Communities should plan for their future housing needs as well as their current needs.
- By Nancy Firfer and MPC Research Assistant Sam Svoboda
- November 27, 2013
On the surface, it seems like such an obvious tenet of planning: Communities need to take stock not only of what their current population requires, but of their future population as well. The term “planning” itself means preparing for future action—it is by definition forward-looking.
Yet this forward-thinking approach has not always been prevalent when it comes to housing development—and that’s why the Homes for a Changing Region project was created, a partnership between MPC, Chicago Metropolitan Agency for Planning and Metropolitan Mayors Caucus.
The original Homes study was published in 2005, with the goal of using demographic predictions to plan for the entire Chicago area’s future housing needs—in other words, it called for a proactive approach to housing solutions, rather than a reactive one. In the words of MPC Senior Advisor Nancy Firfer, one of the project’s founders, it was “planning for people, not buildings.” It also promoted the notion of “balanced housing,” stressing that a healthy mix of housing options was the best way to serve residents.
In 2007 the project began to study specific suburbs, looking in-depth at the housing stock of each community and providing recommendations for both balancing and better planning housing options for the future. Communities are now studied in “clusters,” meaning that each study examines neighboring suburbs together, rather than examining three very different suburbs at once. This allows us to see how individual suburbs are influenced by their surrounding region, and implement changes on a larger scale. Each community still receives its own analysis and projections, though, ensuring that the unique details of each one are not glossed over.
The projections in these studies do not simply measure overall population growth or decline, but also provide demographic data on projected income, age, household size and ethnicity of that population. Having this specified data is invaluable, because knowing how much housing a community needs is only useful if you know what type of units people will want.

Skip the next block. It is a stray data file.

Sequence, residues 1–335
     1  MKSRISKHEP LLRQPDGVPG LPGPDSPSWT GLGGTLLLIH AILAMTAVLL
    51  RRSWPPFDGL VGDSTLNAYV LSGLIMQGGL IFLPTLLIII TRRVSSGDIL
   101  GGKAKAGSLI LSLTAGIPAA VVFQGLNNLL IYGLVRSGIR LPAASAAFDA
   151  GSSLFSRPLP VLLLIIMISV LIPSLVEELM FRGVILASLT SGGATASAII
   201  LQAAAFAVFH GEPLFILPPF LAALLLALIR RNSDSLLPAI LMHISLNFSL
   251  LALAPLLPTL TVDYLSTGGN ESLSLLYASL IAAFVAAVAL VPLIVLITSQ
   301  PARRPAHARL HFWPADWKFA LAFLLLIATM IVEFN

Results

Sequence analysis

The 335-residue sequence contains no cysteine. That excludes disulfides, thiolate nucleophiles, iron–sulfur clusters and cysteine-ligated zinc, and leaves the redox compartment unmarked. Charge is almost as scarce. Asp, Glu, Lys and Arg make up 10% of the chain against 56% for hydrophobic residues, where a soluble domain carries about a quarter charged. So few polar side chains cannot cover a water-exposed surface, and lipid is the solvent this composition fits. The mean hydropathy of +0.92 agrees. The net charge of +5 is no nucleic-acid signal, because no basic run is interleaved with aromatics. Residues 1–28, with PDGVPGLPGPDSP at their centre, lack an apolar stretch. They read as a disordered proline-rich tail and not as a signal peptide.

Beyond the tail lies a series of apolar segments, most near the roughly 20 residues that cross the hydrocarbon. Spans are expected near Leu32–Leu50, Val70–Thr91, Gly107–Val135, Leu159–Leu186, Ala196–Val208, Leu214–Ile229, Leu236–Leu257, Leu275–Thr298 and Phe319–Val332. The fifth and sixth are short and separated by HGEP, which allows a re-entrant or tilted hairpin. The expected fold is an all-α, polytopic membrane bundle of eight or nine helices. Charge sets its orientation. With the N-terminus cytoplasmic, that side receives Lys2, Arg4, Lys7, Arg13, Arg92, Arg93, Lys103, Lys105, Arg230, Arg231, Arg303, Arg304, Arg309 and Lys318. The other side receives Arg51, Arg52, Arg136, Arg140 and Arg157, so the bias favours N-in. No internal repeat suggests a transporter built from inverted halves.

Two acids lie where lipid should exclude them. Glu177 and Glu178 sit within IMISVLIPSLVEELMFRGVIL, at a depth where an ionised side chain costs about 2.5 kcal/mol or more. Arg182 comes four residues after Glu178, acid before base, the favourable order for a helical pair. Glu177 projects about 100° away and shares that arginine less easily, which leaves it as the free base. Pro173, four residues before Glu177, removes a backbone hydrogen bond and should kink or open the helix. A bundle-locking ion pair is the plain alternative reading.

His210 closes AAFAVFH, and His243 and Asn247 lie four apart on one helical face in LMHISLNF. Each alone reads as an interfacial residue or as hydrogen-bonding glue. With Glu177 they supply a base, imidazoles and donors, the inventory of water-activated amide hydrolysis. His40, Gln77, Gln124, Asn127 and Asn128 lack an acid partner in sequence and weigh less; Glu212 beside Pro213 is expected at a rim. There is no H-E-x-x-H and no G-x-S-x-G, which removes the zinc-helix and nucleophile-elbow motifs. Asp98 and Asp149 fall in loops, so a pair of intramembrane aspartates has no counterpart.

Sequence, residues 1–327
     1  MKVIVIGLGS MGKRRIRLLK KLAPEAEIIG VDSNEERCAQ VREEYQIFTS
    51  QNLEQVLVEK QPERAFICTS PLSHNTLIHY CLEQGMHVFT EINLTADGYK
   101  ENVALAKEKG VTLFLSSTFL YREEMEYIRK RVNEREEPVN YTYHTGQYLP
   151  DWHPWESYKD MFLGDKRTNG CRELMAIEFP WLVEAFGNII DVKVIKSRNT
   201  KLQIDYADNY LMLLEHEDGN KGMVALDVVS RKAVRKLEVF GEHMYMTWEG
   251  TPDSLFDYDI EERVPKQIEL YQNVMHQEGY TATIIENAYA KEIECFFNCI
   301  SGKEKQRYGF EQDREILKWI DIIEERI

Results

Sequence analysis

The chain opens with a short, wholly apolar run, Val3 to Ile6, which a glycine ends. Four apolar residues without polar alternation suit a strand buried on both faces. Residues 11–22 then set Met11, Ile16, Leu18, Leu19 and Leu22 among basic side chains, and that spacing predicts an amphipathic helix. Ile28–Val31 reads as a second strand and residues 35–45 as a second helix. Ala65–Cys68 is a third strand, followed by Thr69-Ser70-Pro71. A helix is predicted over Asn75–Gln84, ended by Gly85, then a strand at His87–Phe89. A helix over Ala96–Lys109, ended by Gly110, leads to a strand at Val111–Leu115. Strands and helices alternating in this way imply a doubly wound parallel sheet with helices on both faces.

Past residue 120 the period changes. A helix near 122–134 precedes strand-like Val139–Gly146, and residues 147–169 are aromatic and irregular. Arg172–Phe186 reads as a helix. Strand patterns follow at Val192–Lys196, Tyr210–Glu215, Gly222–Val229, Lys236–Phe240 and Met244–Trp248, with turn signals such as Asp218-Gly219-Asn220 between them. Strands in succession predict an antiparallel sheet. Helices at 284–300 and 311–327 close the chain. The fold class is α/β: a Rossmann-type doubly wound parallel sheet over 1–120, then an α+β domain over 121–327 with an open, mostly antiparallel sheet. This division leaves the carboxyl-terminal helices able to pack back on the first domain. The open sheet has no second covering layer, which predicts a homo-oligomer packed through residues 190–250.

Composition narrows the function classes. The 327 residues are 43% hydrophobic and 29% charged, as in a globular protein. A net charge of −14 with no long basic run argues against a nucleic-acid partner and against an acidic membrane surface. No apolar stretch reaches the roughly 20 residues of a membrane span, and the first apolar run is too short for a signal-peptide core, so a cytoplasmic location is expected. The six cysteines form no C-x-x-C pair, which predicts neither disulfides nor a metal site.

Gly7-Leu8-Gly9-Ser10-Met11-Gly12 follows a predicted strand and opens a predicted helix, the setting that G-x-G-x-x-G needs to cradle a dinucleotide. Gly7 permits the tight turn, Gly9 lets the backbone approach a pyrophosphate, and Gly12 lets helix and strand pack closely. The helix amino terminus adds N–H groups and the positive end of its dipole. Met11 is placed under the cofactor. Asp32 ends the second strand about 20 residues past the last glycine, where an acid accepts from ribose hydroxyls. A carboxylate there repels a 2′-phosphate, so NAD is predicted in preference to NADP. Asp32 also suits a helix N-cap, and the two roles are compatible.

Over the past six years, the Homes for a Changing Region project has studied 23 suburban communities in the Chicago area, and is adding to the list each year. These communities are extremely diverse in terms of location, demographics and economy, and given these differences, we are eager to learn if they have encountered common trends and challenges.
We should stress that all of the plans for the individual communities are long-term in nature, utilizing population projections for the year 2030. Given that even the oldest of these suburban studies was completed just six years ago, and the intervening years included a global economic meltdown, it is not our goal to judge the “success” of the plans at this point. But four to six years is certainly enough time to see some initial progress, and/or to learn from barriers to implementation.
Over the next month, this blog series will showcase that progress in five early Homes communities—Aurora, Blue Island, Gurnee, Plainfield and Oak Forest—along with pointing out larger trends of the study. It will also examine some roadblocks to success, and look toward the future of the project as well. Homes for a Changing Region continues to grow every year, and by looking back on the early Homes participants, we hope to provide a guideline for helping future communities look forward.
Homes for a Changing Region series
- Introduction (this post)
- Transit-oriented development
- Housing for the life cycle
- Unique solutions for unique communities
- Planning for results